Recently, Sapien Labs released a new report that caused a huge stir on the net. According to the scholars who conducted the research, smartphone use could be responsible for an ongoing decline in the mental health of young adults in the 18-24 age range.
In the report, we can read that before the internet, adults before turning 18 have usually spent “15,000 to 25,000 hours interacting with peers and family in person.” However, after the internet, this number equals 1,500 – 5,000 hours.
Tara Thiagarajan, Chief Scientist at Sapien Labs, sees serious problems behind these numbers. According to him, a reduction in social interaction doesn’t allow people to learn important skills. Among them, we can mention reading facial expressions, body language, physical touch, appropriate emotional responses, and conflict resolution. As a result, people who lack these skills might end up detached from society and feel suicidal.
As for the scientific base, the scholars obtained data in 34 countries. What’s more interesting, scholars didn’t include data during and after the pandemic in the research. Looking at the obtained data, we can see that decline started after 2010. This is the year when smartphones became affordable. Not surprisingly, before this date, young adults had the highest levels of psychological well-being. Since 2010, the trend has been dropping.
How To Know Whether Long Smartphone Use Affects The Health
The best way to understand whether anyone around you suffers from long smartphone use, check the following symptoms:
- Obsessive, strange, or unwanted thoughts
- Self-image, Self-worth, and confidence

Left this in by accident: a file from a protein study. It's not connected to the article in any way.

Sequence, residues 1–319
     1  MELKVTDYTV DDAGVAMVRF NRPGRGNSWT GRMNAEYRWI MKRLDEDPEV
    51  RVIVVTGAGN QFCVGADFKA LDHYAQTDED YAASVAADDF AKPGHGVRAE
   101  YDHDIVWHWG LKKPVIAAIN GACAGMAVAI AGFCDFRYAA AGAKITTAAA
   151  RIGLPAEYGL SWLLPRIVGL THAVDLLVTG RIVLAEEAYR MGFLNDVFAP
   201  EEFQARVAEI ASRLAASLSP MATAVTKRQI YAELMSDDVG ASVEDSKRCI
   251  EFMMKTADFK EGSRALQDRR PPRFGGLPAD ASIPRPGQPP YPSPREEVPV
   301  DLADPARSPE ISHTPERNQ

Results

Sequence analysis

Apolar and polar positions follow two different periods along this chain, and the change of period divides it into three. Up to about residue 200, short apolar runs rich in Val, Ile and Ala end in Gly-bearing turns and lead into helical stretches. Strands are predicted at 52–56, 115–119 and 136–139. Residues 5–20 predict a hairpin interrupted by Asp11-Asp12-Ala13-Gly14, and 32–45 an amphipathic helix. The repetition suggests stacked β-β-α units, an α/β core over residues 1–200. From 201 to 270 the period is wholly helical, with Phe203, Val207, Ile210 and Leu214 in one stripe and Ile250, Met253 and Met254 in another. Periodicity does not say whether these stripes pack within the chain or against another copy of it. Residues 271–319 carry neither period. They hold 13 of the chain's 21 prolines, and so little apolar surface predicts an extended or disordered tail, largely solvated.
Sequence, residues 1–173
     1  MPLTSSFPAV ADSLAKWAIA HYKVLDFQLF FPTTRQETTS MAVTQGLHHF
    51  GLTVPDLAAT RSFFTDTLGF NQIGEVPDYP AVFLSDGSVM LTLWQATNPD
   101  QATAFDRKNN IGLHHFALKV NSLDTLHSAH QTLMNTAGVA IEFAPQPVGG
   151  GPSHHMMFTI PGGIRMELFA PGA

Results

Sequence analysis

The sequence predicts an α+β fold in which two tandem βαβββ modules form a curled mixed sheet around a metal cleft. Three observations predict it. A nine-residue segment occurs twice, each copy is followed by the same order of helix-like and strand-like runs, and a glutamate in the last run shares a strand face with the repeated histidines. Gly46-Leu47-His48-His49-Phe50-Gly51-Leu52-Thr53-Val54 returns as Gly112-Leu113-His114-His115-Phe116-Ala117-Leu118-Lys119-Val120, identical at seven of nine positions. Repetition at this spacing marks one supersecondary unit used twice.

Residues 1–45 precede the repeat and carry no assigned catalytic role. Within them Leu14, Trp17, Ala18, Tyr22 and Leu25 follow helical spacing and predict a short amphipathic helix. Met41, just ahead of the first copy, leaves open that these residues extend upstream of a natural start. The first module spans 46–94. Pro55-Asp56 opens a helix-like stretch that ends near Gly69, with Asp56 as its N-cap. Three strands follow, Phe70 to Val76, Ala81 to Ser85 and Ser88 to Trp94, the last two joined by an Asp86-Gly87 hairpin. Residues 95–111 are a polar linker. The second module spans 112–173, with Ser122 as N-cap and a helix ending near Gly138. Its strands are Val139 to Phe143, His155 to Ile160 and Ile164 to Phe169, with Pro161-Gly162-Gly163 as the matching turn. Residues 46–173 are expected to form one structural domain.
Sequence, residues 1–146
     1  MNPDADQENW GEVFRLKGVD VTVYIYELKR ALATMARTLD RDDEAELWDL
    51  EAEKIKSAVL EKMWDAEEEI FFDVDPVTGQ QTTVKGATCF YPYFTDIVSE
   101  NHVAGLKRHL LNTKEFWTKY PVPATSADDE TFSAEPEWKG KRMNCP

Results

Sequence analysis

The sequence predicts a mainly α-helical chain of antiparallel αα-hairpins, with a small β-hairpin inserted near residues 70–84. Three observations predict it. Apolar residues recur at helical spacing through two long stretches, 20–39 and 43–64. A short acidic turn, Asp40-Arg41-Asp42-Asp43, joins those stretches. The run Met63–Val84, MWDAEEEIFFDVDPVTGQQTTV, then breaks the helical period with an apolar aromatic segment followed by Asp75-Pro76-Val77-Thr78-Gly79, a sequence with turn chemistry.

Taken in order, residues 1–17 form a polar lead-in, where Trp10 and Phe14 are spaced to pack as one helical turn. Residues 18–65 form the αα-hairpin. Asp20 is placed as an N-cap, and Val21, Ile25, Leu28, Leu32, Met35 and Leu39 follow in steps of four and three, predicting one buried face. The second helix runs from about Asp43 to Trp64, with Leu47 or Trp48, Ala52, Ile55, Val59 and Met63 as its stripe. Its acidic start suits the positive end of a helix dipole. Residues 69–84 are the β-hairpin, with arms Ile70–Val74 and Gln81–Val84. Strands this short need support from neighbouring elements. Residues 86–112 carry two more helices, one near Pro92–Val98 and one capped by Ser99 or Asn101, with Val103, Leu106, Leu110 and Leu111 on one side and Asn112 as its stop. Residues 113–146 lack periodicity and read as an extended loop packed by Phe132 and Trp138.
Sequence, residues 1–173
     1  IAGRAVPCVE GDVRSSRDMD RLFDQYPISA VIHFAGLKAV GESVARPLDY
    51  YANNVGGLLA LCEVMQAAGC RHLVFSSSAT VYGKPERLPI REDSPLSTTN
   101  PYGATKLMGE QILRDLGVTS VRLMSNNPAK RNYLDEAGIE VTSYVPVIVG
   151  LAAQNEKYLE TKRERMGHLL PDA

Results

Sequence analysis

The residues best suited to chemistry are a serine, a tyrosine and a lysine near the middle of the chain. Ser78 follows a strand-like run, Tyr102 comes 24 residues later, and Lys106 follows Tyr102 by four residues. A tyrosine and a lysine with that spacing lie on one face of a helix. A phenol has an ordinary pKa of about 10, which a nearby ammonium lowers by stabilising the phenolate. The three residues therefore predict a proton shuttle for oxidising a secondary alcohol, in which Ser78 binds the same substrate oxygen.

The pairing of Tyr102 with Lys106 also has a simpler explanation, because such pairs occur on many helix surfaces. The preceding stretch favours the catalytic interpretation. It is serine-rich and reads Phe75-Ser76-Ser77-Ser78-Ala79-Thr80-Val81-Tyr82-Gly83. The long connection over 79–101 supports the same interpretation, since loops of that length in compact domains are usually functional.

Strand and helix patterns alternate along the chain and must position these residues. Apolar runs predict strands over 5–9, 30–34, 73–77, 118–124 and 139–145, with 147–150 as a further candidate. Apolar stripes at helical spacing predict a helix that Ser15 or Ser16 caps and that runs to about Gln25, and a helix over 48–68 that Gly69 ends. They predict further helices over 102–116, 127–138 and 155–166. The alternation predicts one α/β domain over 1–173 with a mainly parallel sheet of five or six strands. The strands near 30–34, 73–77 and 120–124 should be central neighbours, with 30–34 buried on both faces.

- Feelings of being detached from reality
- Relationships with others
- Suicidal thoughts
- Fear and anxiety
- Feelings of sadness, distress, or hopelessness.
The author of the paper also said, “Data shows that people now spend 7-10 hours online. This leaves little time for in-person social engagement. This highlights the magnitude and nature of the challenges of social isolation and digital interaction at the expense of in-person social interaction.”
The above symptoms say the report, “point to a decline of the Social Self, a composite metric of how we view ourselves and are able to form and maintain relationships – essentially a view of how an individual is integrated into the Social Fabric. This constellation of symptoms that dominate the mental profile of young adults does not map to any single disorder as defined by the DSM (which is the standard classification system for mental disorders used by mental health professionals in the United States).”
PhoneArena also recommends to check ourselves how long we use smartphones per day. There are a couple of easy ways to check it out.